View all my reviews

Earl Shorris Made The Great Books Relevant To Modern Life

Earl Shorris was an author and social critic who died last month. In addition to his writing, he created the Clemente Course at  Bard College that was designed to teach low-income people about philosophy, art, and literature. The aim of his work was to show that the way out of poverty was not just skill training or financial literacy education, but was instead an education that helped people think about their world in a broad context and to understand that there is more to life than just survival.

I was fortunate to hear him speak once, and to have participated in the Odyssey Project which was the Chicago extension of the Clemente Course. I was a writing tutor and helped facilitate the classroom discussions. I enjoyed it because I learned as much as the students.

When you are working on helping someone understand philosophy or literature, it is necessary to both meet them half way and pull them into new, and sometimes uncomfortable, territory. For many of the students I worked with, their only exposure to these kinds of topics, to challenging books at all, was the bible. To get them to step into another author’s world required me to be a diplomat — respectful, yet committed to an agenda that was perhaps different from theirs.

You can’t work with people without studying them as well. There were several tutors and teachers in the course, and seeing how different personalities and students responded to the different styles taught me a lot about teaching and learning.  Sometimes you need to give people the question and the answer so they can debate it and make it their own. Sometimes you need to give people clues to what you want them to learn. Sometimes you put something out there and see what they teach you.

Discussion Kierkegaard’s Fear and Trembling with a man who has lost a son is a different experience than sitting in an undergraduate course with a bunch of kids who have no real world context that compares.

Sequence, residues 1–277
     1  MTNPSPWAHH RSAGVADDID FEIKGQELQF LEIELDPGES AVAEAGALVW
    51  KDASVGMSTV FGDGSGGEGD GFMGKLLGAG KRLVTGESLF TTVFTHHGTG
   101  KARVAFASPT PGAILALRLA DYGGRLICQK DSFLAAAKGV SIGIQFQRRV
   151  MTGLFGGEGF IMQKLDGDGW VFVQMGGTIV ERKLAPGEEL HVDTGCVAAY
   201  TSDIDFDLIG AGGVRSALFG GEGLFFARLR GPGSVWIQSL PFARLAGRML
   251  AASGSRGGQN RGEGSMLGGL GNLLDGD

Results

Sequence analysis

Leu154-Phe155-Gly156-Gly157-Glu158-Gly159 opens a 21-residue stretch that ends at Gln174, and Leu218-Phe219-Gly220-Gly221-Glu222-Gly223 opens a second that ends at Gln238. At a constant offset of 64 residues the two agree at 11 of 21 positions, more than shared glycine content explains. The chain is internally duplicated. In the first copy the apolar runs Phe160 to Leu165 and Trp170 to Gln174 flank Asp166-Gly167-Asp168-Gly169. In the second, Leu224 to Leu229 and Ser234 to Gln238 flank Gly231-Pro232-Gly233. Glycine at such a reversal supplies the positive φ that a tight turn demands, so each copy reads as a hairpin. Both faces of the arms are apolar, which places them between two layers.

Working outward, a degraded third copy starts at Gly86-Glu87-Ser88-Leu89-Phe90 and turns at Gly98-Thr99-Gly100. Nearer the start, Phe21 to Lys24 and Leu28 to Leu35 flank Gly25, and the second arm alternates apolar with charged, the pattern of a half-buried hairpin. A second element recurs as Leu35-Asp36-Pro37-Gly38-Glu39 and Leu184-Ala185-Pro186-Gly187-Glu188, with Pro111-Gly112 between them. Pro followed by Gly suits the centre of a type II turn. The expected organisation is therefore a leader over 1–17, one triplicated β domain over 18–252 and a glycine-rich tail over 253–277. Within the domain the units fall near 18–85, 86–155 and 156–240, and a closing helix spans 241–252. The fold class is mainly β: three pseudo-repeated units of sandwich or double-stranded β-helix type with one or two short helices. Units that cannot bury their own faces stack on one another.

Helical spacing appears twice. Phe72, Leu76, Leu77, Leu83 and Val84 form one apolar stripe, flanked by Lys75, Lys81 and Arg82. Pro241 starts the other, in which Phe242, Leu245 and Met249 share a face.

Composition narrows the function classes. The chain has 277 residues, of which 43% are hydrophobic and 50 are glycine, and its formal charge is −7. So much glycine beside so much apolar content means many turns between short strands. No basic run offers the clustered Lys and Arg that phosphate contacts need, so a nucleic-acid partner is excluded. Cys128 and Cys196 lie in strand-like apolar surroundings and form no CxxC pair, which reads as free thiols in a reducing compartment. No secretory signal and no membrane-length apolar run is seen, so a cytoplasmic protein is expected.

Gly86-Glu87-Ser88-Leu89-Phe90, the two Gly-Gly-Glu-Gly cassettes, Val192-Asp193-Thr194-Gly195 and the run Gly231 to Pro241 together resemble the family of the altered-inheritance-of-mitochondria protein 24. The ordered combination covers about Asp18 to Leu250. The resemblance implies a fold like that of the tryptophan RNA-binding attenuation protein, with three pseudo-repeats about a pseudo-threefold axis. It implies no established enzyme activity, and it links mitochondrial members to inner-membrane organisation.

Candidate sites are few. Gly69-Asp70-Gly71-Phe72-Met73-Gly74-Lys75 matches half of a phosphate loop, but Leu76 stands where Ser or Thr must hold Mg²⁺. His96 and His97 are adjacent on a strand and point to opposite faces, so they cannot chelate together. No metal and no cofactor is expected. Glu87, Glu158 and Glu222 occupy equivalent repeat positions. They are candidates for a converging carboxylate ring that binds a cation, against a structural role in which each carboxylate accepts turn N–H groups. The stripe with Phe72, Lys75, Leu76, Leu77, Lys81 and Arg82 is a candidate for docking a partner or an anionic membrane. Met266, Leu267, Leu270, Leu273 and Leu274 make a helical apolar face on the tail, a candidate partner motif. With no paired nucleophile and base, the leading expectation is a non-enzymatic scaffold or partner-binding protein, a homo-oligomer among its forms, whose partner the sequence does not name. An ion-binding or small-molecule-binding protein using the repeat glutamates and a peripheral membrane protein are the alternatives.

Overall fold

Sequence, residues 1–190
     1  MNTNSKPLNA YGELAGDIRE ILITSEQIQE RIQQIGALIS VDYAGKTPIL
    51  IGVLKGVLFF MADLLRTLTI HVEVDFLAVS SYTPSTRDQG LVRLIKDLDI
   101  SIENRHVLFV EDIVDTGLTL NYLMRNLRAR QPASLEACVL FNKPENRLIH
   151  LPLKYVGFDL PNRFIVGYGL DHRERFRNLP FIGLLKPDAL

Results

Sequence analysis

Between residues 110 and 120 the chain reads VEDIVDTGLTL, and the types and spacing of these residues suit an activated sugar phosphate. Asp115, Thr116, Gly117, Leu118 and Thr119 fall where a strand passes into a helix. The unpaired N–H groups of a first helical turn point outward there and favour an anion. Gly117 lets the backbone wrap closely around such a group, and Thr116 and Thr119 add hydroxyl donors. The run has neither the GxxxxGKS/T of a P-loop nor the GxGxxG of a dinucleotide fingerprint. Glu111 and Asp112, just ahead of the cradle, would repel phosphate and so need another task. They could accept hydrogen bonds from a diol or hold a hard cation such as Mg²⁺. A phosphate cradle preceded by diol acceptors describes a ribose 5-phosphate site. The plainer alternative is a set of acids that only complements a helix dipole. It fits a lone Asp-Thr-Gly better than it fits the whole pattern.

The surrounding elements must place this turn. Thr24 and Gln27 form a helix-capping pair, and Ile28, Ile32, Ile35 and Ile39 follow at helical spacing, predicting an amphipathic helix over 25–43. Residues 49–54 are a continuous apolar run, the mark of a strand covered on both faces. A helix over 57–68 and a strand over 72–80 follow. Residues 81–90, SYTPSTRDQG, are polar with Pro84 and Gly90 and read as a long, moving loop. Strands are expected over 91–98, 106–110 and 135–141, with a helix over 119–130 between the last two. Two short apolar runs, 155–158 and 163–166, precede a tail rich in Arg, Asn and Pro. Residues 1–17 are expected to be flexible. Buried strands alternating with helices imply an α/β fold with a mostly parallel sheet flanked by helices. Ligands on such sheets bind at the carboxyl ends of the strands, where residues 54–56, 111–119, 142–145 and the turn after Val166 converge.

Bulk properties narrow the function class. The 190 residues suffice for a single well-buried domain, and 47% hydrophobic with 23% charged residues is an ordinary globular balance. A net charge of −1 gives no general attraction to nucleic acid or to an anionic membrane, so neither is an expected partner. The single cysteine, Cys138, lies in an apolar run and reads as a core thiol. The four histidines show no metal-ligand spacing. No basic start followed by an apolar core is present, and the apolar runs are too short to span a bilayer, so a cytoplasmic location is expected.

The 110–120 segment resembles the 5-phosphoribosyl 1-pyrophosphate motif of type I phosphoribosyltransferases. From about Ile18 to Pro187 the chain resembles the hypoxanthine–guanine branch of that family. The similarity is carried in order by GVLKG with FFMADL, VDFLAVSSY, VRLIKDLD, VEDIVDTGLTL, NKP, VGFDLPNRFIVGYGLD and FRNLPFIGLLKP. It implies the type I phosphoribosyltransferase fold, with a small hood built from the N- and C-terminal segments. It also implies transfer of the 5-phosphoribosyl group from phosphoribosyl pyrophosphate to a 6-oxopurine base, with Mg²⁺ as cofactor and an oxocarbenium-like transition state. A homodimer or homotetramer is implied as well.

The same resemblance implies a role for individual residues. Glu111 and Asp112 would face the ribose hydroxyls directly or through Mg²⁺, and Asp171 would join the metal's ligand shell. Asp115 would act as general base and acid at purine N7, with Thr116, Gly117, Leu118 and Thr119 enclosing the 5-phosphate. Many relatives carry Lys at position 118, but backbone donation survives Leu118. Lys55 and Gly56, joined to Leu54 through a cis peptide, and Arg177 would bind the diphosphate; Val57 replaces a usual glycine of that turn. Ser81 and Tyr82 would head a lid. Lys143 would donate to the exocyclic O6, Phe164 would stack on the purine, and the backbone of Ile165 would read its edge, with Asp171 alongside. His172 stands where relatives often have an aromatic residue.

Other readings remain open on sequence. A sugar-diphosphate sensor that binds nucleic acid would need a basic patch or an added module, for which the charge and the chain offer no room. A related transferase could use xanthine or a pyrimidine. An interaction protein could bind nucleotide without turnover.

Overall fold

At the same time, talking about whether or not saving a drowning child is a good act if part of the reason you do it is because you know it will help you get dates with the girls on the beach can show you how much students can adopt the thinking of the things they read. (For the record, I think it would be a good act, even if you might get a date out of it. The students in the class, not so much.)

There was another reason that I felt it was critical to participate in the Odyssey project. I felt like the more educated people we could produce, the less chance there would be for demagogues and tyrants and bullies to do damage. The more people who could call shenanigans on the lies and vitriol that come at us from so many directions each day, the more likely we are to survive as a civilization. I realize this sounds a little melodramatic, but it is people who understand the humanities who prevent massacres.

Earl Shorris and Robert Maynard Hutchins both said that the education for the best — meaning the leaders of society and the upper classes — is the best education for all. That is not a very Platonic idea. That said, it is one I happen to agree with as someone who has made the journey from relative poverty into a comfortable middle class life.  I hope that in some small way, I helped make a difference and contributed to his vision.


More on Why We Need the Humanities

This column from The New York Times talks about why the humanities are important.